Commentary

Did the Church Betray Judas?

A newly discovered manuscript seeks to rehabilitate Jesus’ betrayer

For the past several months we have been hearing a lot about the Gospel of Judas, a 1,700-year-old manuscript that has been restored, translated and, in some ways, sensationalized by the media. What are we to make of this document, and does it in any way undermine our faith?

To begin with, we need to state that this “gospel” appears to be completely authentic. In the early centuries of the Christian era, there was an enormous amount of religious writing as evidenced by many other books, letters and gospels, including the Gospel of Mary, the Gospel of Thomas, the Gospel of Peter and the Secret Book of James, to say nothing of the Apocryphal writings.

All of this material, including much more recent findings such as the Nag Hammadi Library discovered in Egypt in 1945, and the Qumran (Dead Sea) Scrolls found in 1947, gives us a much fuller and richer understanding of the life and times of the early church.

It was also a time during which a number of heresies were set forth. Indeed, it could be argued that all three of the major creeds of the church were written in response to heresy of one kind or another. One of the most prevalent in the early church was something called Gnosticism. It taught, among other things, that Jesus was not truly human but more of a phantom or an emanation. If Jesus walked down a dusty road, he would have left no footprints, the gnostics would have argued.

Gnosticism grew out of Greek thought, which tended to denigrate the body and elevate the spirit. Gnostics could never accept the notion of a holy god taking on all the weaknesses and frailties of human flesh. But, holding firmly to the idea of a God who was both “true God and true Man,” the early church worked hard to counter the influences of the Gnostics. So, for example, John began his Gospel with a clear declaration that the Word had truly “become flesh and dwelt among us, full of grace and truth.” (1:14)

And, when the early church fathers set about to codify the 66 books of the canonical Scriptures, it only seemed logical that they would reject that which they knew to be false. Jesus was human in every sense of the word, yet without sin.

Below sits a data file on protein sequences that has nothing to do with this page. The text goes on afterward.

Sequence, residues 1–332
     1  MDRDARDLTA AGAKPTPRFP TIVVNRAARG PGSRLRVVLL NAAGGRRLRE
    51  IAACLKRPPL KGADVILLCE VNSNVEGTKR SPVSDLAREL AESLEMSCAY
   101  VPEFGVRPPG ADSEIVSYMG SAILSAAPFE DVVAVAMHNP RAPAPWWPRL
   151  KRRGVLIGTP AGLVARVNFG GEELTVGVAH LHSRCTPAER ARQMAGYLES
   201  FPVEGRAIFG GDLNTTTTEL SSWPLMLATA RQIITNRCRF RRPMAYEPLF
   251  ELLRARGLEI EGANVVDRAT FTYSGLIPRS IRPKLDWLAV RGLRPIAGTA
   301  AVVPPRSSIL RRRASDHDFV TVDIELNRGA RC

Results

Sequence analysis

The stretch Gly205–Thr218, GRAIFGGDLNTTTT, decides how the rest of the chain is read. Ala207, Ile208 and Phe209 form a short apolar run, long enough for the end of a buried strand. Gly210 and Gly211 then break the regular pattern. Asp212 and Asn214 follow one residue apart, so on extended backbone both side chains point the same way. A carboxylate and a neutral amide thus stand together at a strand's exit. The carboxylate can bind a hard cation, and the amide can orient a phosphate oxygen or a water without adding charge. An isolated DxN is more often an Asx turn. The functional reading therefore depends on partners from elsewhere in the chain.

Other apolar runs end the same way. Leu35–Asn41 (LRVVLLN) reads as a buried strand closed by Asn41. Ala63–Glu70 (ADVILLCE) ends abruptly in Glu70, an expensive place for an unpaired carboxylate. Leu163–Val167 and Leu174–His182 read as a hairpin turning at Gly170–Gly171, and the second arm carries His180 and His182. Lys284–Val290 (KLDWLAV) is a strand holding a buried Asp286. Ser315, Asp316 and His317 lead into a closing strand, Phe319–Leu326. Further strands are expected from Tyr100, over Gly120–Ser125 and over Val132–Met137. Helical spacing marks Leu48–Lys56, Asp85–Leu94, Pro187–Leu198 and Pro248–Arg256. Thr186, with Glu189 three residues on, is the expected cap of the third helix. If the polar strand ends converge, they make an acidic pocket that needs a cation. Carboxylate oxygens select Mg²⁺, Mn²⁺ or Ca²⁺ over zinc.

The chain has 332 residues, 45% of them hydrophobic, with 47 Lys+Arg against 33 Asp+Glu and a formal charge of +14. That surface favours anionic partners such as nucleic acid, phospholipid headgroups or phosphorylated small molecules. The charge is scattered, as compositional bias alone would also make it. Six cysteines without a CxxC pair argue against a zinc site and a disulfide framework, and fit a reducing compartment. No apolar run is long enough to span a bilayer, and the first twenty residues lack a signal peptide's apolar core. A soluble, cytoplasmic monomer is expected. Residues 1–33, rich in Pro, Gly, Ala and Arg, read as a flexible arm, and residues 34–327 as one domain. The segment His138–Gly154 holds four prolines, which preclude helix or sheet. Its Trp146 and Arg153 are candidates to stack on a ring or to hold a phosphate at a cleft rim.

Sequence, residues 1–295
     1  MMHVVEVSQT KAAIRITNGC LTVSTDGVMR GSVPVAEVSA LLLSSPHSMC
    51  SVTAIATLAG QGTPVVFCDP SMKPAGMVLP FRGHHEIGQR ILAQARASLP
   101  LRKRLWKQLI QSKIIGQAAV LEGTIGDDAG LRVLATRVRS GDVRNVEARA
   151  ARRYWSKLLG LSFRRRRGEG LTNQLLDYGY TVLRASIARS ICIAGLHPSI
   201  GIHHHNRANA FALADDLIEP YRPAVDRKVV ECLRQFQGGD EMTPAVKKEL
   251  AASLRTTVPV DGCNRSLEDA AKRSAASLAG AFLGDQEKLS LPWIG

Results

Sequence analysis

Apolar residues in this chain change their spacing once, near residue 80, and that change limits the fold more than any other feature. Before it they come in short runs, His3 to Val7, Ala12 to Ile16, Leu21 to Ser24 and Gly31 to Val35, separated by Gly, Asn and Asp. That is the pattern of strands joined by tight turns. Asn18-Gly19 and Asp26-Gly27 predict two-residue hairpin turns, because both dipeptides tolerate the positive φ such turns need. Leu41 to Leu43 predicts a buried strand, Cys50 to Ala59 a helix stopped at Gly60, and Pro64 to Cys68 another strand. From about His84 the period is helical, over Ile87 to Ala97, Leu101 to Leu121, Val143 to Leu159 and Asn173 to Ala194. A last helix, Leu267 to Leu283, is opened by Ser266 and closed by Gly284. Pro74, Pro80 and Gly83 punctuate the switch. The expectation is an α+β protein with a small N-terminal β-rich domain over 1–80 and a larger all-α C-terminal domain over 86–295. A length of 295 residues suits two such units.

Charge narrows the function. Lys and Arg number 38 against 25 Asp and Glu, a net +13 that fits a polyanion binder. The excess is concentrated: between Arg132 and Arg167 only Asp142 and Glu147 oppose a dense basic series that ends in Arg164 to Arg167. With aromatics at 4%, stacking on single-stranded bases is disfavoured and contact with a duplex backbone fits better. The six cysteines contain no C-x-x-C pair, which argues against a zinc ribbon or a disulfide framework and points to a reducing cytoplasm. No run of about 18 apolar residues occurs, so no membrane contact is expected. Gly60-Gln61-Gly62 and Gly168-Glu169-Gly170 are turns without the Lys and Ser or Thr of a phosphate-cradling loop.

The Gospel of Judas, like many other writings from the early centuries of the church, was most likely rejected (if it had been considered at all) because it smacked of Gnosticism. Gnostics would have loved the notion that Judas was helping Jesus with his crucifixion so that Jesus might be liberated from his weak and frail human body to set his spirit free. But the New Testament will have none of this. Jesus, though transformed in some sense, is resurrected in bodily form. He eats a meal with the disciples at the seashore. Thomas touches his wounds and comes to faith. Jesus breaks bread with the Emmaus disciples on the first Easter evening. There is no question: Jesus is both human and divine.

It should be noted that the crucifixion of Jesus would have happened with or without Judas. After Jesus’ triumphal entry into Jerusalem, both the Sanhedrin and the Roman officials knew who Jesus was. It didn’t take a kiss of betrayal to identify him. After Jesus cleansed the Temple, the Sanhedrin wanted him dead. And the Romans weren’t naïve about identifying those whom they considered troublemakers. Jesus was a marked man with or without Judas. Judas did betray him for 30 pieces of silver — but his greatest sin was not believing that he, too, could be forgiven. After all, despite Peter’s triple denial, never was a word of retribution spoken by Jesus. On the contrary, Peter went on to become one of the greatest of all apostles.

The story of Judas might have had a similar, happier ending had he had more faith in the power of God to forgive.

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Harrington is pastor of Shepherd of the Valley Lutheran Church, Apple Valley, Minnesota, and a member of the Metro Lutheran Board of Directors.